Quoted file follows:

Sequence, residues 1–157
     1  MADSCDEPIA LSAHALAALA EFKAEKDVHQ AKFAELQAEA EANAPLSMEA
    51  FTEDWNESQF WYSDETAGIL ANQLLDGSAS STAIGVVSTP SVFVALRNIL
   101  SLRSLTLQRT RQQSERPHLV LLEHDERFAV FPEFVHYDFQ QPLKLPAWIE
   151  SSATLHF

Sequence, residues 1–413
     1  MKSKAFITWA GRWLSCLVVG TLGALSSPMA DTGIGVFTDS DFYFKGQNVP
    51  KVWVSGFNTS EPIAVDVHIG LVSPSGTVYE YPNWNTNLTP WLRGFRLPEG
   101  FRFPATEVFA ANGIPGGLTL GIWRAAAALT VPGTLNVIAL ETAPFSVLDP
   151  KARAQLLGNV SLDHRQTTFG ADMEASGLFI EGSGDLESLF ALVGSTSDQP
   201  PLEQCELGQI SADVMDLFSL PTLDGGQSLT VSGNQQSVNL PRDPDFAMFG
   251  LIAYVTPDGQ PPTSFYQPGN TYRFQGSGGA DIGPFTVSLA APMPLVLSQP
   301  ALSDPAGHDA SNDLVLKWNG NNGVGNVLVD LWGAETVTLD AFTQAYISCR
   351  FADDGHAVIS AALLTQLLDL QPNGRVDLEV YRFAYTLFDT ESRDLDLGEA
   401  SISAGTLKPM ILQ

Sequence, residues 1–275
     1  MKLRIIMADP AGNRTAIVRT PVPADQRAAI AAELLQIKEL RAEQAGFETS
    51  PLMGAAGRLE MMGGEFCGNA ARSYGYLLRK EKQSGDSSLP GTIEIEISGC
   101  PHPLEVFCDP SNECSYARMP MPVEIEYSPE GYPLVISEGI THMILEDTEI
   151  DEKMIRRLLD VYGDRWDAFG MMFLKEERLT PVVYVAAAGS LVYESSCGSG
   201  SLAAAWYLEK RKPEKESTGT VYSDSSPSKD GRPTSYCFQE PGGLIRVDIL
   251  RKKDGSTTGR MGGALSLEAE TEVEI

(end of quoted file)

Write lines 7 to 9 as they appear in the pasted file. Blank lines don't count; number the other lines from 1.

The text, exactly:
     1  MKSKAFITWA GRWLSCLVVG TLGALSSPMA DTGIGVFTDS DFYFKGQNVP
    51  KVWVSGFNTS EPIAVDVHIG LVSPSGTVYE YPNWNTNLTP WLRGFRLPEG
   101  FRFPATEVFA ANGIPGGLTL GIWRAAAALT VPGTLNVIAL ETAPFSVLDP